I do a lot of work with high-performance mathematecal algorithm design. Some of my work has significantly benefited from parallelization.
I have, at times,
- manually created dedicated threads for parallel matrix calculations
- manually created dedicated threads for parallel FFT operations
- manually separated chunks of large-number algorithms (those dealing with hundreds or thousands of digits or more) into parallelizable parts.
All of this work has involved tedious manual separation of algorithm chunks, and it has been limited to operations which are easily identified as parallelizable.
Are there any better ways? Are there methods to create automation mechanisms for parallelization?
Consider a big number class which performs many, many mathematical operations in a linear, sequential fashion, each operation --- particularly big-number multiplication --- being large-scale enough in scope to benefit from parallelization. Some operations like (a * b) + (c * d) can be intuitively parallelized. On the other hand, many algorithms such as series expansions have sums of terms for which the value of the n'th term depends on the value of the [n-1]'th term. These kinds of operations seem to be sequential --- that is unless the number of expansion terms is known in advance and the algorithm sets up something like a parallelized "for_each" mechanism.
Expanding on these ideas, I always think of parsers like EBNF and parser-generators like flex and bison. They parse syntaxes and place operations on a sequential operation stack and subsequently carry them out. Are there any technologies available for placing operations onto a parallelized operation stack? This seems quite difficult to me, almost like a research project (and I believe there is research being carried out in this field). The mechanism would have to determe which operations can be done in parallel, it must synchronize those with previous, pending sequential results, and wrap all synchronized and sequential results into a single answer at the end. It always sort of blows my mind.
Is there any kind of technology or research in this area? Does anyone know of research results or other literature in the area of automated parallelization of operation stacks? Is there any similar technology?
You're gonna go blind staring into that box all day.
As I see it, automatic parallelization is a dead end. There hasn't been a significant breakthrough since I first heard about the idea many, many years ago. The problem is that auto-parallelizers need to be conservative when examining code. Obvious loop iterations that are independent can be run in parallel. Throw in a pointer reference and the whole thing is unknown (without programmer intervention). General parallelism within an application is going to be too far out of reach for a compiler or parser.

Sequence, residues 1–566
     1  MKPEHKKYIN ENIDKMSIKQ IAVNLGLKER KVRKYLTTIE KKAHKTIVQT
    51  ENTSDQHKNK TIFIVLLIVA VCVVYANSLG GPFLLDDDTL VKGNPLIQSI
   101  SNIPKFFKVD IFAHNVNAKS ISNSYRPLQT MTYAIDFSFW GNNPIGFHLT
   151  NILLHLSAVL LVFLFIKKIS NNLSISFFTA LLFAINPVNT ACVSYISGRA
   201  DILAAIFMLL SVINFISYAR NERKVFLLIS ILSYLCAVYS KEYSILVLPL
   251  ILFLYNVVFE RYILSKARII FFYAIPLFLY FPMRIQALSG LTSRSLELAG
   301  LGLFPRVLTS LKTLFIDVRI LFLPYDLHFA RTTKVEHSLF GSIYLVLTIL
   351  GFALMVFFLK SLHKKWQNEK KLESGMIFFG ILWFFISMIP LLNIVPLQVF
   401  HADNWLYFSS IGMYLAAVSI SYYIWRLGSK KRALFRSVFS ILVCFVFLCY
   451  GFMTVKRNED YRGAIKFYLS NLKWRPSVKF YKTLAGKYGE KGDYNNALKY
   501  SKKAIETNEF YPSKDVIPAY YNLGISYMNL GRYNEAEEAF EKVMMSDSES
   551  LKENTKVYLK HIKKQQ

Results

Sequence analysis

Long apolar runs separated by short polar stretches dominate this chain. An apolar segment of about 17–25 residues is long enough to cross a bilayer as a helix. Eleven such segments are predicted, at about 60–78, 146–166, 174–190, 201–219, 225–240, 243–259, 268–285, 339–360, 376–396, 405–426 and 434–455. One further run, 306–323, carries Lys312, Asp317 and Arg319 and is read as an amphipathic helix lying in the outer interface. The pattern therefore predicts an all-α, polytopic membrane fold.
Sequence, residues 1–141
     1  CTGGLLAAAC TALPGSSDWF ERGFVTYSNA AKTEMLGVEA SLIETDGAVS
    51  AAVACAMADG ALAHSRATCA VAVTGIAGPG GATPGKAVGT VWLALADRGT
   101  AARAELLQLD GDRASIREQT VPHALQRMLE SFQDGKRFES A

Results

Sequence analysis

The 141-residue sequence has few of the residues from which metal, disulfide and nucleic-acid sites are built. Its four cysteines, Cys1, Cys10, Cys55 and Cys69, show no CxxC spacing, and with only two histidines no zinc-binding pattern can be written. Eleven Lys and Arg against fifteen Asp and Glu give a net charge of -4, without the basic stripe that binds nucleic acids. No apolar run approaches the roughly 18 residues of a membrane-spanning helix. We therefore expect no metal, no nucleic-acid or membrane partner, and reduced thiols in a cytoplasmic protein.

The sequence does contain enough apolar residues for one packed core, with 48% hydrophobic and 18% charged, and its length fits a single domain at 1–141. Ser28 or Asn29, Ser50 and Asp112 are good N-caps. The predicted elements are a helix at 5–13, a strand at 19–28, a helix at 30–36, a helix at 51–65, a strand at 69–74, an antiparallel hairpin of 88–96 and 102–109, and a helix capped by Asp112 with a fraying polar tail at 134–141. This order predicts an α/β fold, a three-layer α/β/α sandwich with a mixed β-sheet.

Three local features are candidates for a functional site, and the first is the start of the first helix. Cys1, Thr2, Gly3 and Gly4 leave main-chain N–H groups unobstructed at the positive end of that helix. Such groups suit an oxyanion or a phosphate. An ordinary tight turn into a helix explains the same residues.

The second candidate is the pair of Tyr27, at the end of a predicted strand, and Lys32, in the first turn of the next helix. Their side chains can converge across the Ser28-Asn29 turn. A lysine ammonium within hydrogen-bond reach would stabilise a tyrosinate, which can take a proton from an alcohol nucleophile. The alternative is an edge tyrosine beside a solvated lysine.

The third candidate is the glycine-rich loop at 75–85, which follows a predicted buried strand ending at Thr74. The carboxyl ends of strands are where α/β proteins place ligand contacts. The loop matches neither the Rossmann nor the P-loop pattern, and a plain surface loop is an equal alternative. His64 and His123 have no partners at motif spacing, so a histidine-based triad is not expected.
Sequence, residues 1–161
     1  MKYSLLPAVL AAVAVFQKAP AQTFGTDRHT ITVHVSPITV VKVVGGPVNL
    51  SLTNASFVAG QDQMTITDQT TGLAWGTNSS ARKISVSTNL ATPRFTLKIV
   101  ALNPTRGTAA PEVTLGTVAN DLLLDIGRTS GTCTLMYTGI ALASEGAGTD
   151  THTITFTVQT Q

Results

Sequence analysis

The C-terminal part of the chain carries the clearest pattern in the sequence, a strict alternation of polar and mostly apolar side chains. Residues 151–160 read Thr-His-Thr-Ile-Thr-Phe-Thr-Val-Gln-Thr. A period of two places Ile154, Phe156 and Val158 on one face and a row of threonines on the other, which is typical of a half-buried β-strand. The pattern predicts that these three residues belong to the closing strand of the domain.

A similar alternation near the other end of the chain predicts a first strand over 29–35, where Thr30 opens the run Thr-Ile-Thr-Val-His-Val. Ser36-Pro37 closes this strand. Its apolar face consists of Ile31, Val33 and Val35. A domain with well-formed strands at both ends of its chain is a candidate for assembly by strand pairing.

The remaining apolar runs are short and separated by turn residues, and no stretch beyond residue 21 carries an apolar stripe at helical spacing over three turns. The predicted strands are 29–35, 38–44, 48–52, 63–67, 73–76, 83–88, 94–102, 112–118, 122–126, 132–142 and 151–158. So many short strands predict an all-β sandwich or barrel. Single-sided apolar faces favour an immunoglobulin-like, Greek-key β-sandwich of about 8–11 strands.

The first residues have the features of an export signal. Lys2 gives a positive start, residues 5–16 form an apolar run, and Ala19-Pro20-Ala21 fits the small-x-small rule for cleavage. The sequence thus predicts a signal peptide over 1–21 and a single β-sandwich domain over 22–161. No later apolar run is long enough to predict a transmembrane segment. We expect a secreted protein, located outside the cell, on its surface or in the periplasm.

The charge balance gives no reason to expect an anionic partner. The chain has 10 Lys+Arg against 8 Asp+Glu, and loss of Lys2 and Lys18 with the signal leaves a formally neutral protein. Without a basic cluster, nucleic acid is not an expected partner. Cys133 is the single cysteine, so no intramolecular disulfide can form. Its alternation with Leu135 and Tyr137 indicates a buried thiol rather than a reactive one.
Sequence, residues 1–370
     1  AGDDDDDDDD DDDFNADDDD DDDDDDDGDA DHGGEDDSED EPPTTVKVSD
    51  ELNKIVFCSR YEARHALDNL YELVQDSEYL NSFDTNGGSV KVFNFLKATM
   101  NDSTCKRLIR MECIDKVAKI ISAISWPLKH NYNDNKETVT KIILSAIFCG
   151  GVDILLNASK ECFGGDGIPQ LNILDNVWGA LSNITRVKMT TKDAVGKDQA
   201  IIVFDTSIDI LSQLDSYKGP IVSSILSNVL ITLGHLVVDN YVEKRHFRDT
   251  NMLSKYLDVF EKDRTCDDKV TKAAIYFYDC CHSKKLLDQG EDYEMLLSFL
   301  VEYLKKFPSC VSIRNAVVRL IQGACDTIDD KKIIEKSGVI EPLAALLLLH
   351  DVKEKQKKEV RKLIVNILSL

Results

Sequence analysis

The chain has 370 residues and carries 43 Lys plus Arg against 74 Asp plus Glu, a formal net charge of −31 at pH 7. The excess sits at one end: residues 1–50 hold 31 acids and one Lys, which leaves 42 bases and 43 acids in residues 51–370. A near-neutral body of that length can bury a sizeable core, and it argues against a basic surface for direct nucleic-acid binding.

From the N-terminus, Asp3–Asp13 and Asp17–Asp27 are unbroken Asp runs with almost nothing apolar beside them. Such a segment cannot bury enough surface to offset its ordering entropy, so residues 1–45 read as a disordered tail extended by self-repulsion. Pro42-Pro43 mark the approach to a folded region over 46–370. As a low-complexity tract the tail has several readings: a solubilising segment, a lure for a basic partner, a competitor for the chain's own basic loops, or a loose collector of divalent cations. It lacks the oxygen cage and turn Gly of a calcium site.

Patterns, like loop iterations or your (a * b) + (c * d) example, once they are known, can be found in the algorithm and transformed to a parallel version. The serial code pattern is set by the programmer and is just the order of the instructions. Thus, sticking things on a stack or running instuctions out of order (with the obvious checks for read-write order to variables) is easy to do.
If a compiler, like the Intel compilers, that has an auto-parallelizing feature should have a report feature to denote possible parallelizable code and state the reasons that the code was rejected by the compiler. This gives the programmer the chance to add pragmas or restructure the code to make it more amenable to automatic parallelization. Now that the programmer has needed to step in, it seems less "automatic" than we would hope. However, I think that this is the state-of-the-art.
A related idea is to embed parallelism into the language. For example, map in Lisp or vector and matrix operations in APL or array syntax in Fortran 90. If the a, b, c, and d in the sum of products example are vectors, writing the one line would take the place of a hand-coded loop over the elements and the multiplication and addition operations of vector elements could be recognized as a parallel operation; if there were multiple cores available, those could be set up to run on as many as cores as needed. Still, not exactly automatic parallelization and only applicable to the set of algorithmic patterns that are known to be safe for such a transformation.